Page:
Most of your favorite alcoholic beverages are either distilled or fermented. Brandy, however, is a glorious join of both production methods. Like wine, brandy, in its initial phases, is a fermented fruit product; later, the fermented juice, a crude wine, is distilled. Most brandies are aged to develop the characteristics we associate with brandy, although pomace brandy, for example, is not aged.
Brandy is commonly made from various grape varieties, but berries, cherries, plums, pears and apples often form its base, too. The choice of the fruit is most often correlated with the brandy’s country of origin. As one might expect, a particular fruit will play a significant role in the flavor, texture and aroma of the finished spirit.
Defining the Type of Brandy
Each type of Brandy falls into one of three primary categories: grape, pomace, and fruit other than grapes.
Grape brandy is probably the most familiar to US citizens. To make grape brandy, grapes are crushed, and the juice is first fermented, then distilled, and subsequently aged in oak casks. In cask, the brandy develops some color, develops a smoother texture, and picks up aroma and additional flavor complexities from the wood. Vintners commonly blend batches and vintages to produce their ultimate bottled product.
French Cognac and Armagnac are perhaps the premier examples of grape brandy; both are made from Colombard, Ugni Blanc and Folle Blanche grapes. True Sherries produced in Spain’s Jerez de la Frontera, however, give the French brandies a run for their money, and may have been the first brandies produced in Europe.
Pomace brandy begins life quite differently than grape brandy, even though it largely derives from the identical fruit. Pomace is made from the pulp, seeds and stems left over following the extraction of the juice by a crush. The pulpy mass is pressed to squeeze out the remaining juice.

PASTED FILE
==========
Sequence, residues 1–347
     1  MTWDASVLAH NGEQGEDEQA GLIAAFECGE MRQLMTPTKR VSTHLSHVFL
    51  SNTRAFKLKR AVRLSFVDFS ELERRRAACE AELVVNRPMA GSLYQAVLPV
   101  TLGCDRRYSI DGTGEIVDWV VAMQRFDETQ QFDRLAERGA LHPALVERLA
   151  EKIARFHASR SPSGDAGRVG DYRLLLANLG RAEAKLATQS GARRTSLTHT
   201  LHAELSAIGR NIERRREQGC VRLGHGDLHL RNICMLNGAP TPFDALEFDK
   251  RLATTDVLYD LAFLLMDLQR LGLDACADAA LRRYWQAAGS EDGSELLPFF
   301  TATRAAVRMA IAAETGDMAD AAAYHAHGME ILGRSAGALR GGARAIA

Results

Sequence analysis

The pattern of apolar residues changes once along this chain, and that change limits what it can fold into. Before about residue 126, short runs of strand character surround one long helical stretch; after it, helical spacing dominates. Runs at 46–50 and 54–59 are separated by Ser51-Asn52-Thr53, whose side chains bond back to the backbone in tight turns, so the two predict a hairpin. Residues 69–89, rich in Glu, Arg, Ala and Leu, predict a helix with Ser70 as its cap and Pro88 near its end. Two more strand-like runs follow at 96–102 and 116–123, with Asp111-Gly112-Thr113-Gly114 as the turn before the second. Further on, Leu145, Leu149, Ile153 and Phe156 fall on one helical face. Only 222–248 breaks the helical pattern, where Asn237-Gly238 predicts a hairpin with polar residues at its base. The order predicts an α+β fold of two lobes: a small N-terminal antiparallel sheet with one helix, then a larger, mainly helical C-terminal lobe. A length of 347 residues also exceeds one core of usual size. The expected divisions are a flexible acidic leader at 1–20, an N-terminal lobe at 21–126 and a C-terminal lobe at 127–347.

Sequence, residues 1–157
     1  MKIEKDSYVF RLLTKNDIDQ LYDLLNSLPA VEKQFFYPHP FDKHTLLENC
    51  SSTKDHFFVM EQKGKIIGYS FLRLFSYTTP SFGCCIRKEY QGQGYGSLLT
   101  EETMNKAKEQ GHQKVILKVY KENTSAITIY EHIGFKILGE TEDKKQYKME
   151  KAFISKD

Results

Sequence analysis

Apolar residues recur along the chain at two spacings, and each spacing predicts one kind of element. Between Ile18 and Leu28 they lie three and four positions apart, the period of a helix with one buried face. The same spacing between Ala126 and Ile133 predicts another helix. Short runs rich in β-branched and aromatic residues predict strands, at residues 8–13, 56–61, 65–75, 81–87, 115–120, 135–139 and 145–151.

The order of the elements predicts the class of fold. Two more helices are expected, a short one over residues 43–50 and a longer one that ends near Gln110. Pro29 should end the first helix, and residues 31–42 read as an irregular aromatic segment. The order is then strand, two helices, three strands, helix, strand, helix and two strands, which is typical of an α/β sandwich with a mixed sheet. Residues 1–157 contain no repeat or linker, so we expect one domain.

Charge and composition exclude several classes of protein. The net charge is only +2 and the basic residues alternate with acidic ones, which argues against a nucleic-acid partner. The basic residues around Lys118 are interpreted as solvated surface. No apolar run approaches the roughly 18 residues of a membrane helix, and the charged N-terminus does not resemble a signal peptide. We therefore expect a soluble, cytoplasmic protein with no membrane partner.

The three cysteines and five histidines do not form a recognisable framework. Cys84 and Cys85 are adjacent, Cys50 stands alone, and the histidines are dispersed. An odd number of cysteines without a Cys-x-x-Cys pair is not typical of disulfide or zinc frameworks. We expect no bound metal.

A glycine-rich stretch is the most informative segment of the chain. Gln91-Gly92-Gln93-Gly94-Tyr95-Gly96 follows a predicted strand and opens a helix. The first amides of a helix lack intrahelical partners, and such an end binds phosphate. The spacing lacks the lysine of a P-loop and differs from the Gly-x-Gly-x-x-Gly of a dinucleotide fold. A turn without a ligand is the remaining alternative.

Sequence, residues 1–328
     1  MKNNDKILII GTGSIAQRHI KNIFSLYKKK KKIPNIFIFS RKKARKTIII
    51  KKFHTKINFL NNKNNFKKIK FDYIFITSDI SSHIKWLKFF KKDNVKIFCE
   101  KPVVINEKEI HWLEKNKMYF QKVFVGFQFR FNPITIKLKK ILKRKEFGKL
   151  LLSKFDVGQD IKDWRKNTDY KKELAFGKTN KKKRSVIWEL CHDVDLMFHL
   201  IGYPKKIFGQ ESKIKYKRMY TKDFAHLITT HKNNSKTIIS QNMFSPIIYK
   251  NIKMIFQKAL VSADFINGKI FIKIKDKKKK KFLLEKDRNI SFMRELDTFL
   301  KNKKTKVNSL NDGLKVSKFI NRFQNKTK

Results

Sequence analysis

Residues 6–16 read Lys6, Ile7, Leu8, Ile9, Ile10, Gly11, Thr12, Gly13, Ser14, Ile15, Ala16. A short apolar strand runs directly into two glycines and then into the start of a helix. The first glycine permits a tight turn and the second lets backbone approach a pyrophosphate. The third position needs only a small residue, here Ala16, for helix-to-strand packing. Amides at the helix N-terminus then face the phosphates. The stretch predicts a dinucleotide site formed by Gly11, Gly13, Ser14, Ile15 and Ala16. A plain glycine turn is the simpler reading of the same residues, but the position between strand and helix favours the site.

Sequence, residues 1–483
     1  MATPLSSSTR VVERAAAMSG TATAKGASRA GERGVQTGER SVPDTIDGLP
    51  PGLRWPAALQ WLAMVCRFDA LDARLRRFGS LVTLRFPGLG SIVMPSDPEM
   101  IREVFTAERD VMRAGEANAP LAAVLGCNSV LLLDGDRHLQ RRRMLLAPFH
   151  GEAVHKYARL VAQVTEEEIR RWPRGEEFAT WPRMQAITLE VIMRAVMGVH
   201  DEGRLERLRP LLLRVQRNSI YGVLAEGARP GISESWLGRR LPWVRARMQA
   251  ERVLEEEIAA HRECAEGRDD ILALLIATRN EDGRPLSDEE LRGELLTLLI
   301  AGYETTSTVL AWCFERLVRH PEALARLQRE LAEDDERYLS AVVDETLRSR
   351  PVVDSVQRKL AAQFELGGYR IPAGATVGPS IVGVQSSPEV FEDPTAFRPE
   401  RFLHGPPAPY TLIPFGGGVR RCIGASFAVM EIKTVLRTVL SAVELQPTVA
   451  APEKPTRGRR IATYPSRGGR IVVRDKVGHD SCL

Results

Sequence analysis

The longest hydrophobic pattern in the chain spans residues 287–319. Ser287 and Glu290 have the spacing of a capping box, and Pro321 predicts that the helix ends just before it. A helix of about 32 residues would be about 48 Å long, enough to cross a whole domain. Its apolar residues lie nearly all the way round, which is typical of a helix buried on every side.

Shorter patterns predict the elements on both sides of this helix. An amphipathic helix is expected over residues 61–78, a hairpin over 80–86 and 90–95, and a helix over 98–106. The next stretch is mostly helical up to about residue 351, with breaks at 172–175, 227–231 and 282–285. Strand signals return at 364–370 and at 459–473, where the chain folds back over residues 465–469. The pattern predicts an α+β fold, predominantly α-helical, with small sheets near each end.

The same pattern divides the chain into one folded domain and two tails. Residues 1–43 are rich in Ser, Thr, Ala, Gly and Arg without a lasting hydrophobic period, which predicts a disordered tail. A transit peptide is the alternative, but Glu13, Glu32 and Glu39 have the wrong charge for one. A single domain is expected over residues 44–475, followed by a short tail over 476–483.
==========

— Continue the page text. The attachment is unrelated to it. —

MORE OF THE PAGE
Although some pomace brandies are aged, most are not. As a result, pomace brandy is cruder and less smooth than a grape brandy such as Cognac. Pomace brandies lack the complexities derived from contact with oak but, on the other hand, exhibit fresher, fruitier tastes and aromas. Italian Grappa is arguably the foremost example of a pomace brandy.
Fruit brandies are fermented from fruit other than grapes. One should not confuse fruit brandies with grape brandies that have merely been infused with the flavors of other fruits: fruit brandies begin with different fruit, such as apples, berries or plums. Except for the berry brandies, fruit brandies begin with fermented juice, like grape brandies.
Because berries are low in natural sugar, to make brandy from berries, the fruit is first soaked in spirits, and then distilled. From cherries in Bavaria’s Black Forest, we get Kirschwasser, and in Alsace, Kir. The same regions produce raspberry brandies, such as Framboise and Himbeergeist, as well as pear brandies. In Poland, Slivovitz is made from plums. French Calvados, a fruit brandy, is regarded by many as the king of the apple juices, and ultimate fruit brandy.
Even if the most authentic version of any of the major types of brandy emanate from highly specific geographic locales, excellent examples of each of the styles are produced around the world. While the French make Calvados, the Laird Distillery in humble Scobeyville, NJ produces a world-renowned Apple Jack that was plenty good enough for George Washington.
The United States, in fact, produces dozen of brandies incorporating the best of the Old World technique and some of its fruits, but has also introduced new spirits, such as brandy made from the domestic table grape staple, the green Thomson Seedless.